The life and times of Jean-Guy Larivière

The front page of the April 15, 1970 issue of THE EQUITY showed Larivière (right) shaking hands with soon-to-be Premier Robert Bourassa in Fort Coulonge.

 

 

A clipping from the April 30, 1970 issue of The Ottawa Journal shows the Larivière family celebrating Jean-Guy’s successful campaign.

 

 

 

 

 

 

 

 

 

Many influential and successful people like to curate an image of being self-made, playing up their arduous journey from the mail room to the CEO’s office. A lot of the time, this kind of legend is just that, a legend.
But every once in a while, you come across a true tale of grit and hard work, someone who started with nothing and not only survived, but thrived.
Jean-Guy Larivière was one such individual.
He passed away peacefully, surrounded by family, at the Pontiac Community Hospital on Nov. 26, 2018, just two weeks after celebrating 69 years of marriage with his wife, Annette (née Gravelle).
Jean-Guy was born in the Francophone county of Prescott, Ont., the son of a farmer (Pierre) and a seamstress (Florestine).
“His dad had a farm there and he farmed, but my dad left home very young, he was about fourteen years-old I believe,” explained Jean-Guy’s son, Denis. “He didn’t come [directly to the Pontiac] but he started working away with his brother Raymond, they went off to the bush.”
In 1947, a teenaged Jean-Guy started work as an apprentice electrician at the Chenaux Dam in Portage du Fort. It didn’t take long for a certain young lady to catch his eye.
“They met at the Shawville Fair and then they didn’t see each other for two weeks,” Denis said. “Then one day, my dad ended up knocking on my mother’s door.”
Annette and Jean-Guy were married in Campbell’s Bay in 1949, the town where they would eventually raise six children.
“He had to borrow $20 from his brother Raymond,” said Denis. “You have to realize, they were just coming out of the depression. There was a small wedding party.”
“All I know is they went to Renfrew and got stopped by the cops because they were tooting the horn,” Denis’ sister Colleen added with a laugh. “They got a fine, so they had no money to buy lunch. So times were pretty tough.”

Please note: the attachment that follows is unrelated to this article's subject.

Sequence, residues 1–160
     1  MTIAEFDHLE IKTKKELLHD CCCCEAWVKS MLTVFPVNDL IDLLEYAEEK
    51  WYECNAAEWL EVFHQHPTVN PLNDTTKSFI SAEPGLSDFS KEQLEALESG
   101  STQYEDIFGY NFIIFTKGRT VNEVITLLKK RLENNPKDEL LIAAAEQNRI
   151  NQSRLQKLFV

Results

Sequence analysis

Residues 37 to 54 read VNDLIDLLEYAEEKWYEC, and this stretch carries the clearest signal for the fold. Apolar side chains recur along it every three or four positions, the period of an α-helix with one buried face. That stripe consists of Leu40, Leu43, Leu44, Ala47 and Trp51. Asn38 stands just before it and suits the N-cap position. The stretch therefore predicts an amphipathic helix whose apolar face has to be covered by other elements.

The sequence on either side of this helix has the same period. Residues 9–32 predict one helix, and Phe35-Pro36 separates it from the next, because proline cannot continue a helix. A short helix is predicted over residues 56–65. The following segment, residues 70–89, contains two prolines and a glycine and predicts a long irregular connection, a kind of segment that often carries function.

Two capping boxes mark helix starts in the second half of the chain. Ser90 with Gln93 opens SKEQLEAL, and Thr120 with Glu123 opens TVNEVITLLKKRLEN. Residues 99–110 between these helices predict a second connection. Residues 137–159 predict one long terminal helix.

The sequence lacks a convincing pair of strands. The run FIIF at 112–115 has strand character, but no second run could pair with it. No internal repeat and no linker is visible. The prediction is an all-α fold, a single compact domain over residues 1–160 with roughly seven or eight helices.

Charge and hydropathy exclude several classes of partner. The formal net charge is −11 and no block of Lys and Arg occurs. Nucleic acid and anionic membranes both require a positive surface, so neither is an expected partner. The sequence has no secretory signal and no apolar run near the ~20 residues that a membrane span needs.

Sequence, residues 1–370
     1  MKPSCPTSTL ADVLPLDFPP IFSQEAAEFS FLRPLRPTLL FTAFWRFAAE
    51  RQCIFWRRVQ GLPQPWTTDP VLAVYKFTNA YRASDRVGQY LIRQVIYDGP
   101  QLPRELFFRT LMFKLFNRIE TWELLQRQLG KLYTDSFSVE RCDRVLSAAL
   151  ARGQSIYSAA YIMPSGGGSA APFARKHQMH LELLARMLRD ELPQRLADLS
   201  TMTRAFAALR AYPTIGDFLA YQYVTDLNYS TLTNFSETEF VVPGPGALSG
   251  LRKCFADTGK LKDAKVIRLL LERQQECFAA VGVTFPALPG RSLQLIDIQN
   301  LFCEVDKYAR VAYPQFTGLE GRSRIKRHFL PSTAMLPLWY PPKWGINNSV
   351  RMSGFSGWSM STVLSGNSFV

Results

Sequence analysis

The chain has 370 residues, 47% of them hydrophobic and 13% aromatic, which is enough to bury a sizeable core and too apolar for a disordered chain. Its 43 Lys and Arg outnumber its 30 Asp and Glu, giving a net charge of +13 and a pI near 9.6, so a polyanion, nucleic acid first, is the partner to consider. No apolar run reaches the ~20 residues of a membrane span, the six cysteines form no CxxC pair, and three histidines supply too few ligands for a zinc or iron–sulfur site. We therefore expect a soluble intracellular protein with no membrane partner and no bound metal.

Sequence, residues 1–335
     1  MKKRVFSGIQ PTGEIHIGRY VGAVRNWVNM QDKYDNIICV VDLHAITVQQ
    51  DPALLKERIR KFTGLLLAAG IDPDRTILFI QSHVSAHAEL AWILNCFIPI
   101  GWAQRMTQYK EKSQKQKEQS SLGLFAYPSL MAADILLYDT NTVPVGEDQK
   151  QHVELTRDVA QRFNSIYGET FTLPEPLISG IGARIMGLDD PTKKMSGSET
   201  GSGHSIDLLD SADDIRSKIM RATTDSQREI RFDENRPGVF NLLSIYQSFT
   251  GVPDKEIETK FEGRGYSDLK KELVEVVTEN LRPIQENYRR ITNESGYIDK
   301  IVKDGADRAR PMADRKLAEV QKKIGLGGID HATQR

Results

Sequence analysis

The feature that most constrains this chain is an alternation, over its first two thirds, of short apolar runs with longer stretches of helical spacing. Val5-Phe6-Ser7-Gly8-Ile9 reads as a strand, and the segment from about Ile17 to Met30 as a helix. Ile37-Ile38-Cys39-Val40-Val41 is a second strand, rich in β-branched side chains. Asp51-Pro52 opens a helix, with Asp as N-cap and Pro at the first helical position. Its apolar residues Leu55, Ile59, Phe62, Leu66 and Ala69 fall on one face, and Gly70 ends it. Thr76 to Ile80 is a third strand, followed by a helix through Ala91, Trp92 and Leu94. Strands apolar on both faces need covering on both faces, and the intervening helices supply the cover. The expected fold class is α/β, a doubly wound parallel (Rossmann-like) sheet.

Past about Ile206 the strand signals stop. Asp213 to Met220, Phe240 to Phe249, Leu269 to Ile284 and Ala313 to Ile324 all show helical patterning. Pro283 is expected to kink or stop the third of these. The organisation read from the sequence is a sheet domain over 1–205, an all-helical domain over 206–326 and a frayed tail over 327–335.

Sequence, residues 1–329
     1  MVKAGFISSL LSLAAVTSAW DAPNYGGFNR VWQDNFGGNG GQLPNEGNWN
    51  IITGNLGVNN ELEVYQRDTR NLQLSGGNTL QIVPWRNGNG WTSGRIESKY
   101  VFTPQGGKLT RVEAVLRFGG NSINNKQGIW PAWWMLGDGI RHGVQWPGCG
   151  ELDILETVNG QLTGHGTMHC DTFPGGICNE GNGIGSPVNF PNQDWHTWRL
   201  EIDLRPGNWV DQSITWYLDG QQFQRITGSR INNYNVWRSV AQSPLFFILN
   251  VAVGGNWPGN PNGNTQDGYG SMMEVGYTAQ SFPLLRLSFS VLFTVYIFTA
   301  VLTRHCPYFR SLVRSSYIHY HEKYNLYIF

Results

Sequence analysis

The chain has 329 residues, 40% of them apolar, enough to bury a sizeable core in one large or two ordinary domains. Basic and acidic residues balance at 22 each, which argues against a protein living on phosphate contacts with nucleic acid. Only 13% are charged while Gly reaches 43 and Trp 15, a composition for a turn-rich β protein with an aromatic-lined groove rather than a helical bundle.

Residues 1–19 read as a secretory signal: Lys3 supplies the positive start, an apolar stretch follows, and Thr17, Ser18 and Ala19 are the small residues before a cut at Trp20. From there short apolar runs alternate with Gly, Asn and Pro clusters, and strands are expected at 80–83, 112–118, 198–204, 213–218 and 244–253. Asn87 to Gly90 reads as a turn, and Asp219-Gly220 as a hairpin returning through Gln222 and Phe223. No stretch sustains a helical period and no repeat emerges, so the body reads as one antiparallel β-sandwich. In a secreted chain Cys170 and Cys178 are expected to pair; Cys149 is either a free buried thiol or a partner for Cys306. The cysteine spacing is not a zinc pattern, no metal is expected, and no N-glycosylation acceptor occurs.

Jean-Guy put his electrical skills to work at a variety of places over the next decade, from the construction of the Shawville Hospital to the Hilton Mine. He also worked for local electrical contractor Jack O’Neill, who became a close friend.
“[The O’Neill’s] became like a third set of grandparents for the family, very, very close,” Denis said.
With his work ethic, even-keeled attitude and constant smile, Jean-Guy was an easy man to get along with. When he arrived in the Pontiac, he barely spoke any English, but nonetheless counted many Anglophone co-workers from the area as friends.
“When he was working for Jack O’Neill, a lot of farmers in Shawville knew him,” Denis said. “In a lot of these places, power was just coming in. He wired a lot of farmers in Shawville and the area.”
His appetite for work was immense, often taking up several different side-gigs to provide for his young family.
“He worked nights, down in the basement,” Colleen recalled. “He had a workshop and he repaired TVs, back when nobody else was doing it … I remember going down there and sitting on the desk and watching him.”
At a time when television was becoming more popular, Jean-Guy jumped into the business world and founded L&M Electronics with Pat Moorhead in 1962. With locations in Campbell’s Bay and Shawville, the business sold TVs, radios and other tech that was cutting edge for that era, before branching out to larger appliances and furniture.
“I remember going into the store with all these little transistor radios … It was an eye-catching thing at the time,” Colleen said, noting that they were probably one of the first households in the area to watch The Ed Sullivan Show in colour.
“It was like the iPhones today,” Denis added. “There was no such thing as a fax.”
Despite these small luxuries, Jean-Guy ensured that he passed his work ethic onto his children.
“We weren’t very old and we were going out on deliveries with him,” Denis said. “I was maybe 13. That meant that you had to grab the other end of the washer or dryer or sofa and get through the door … My dad’s goal was to show us how to work.”
In addition to his business interests, Jean-Guy also got his start in local politics around this time, serving on Campbell’s Bay council for a term. He played a big role in preparing the town for the Centennial celebrations in ’67 since, at the time, the municipality had no place to host an event of that size.
Jean-Guy spearheaded the purchase of the land – where the ball field, R.A. Hall and boat ramp now reside – from Mr. Asa Smith. Local contractors and citizens pitched in to clear and prepare the property at no cost, and the land was later turned over to the municipality, again at no cost. He also played a role in scheduling the celebration’s many activities.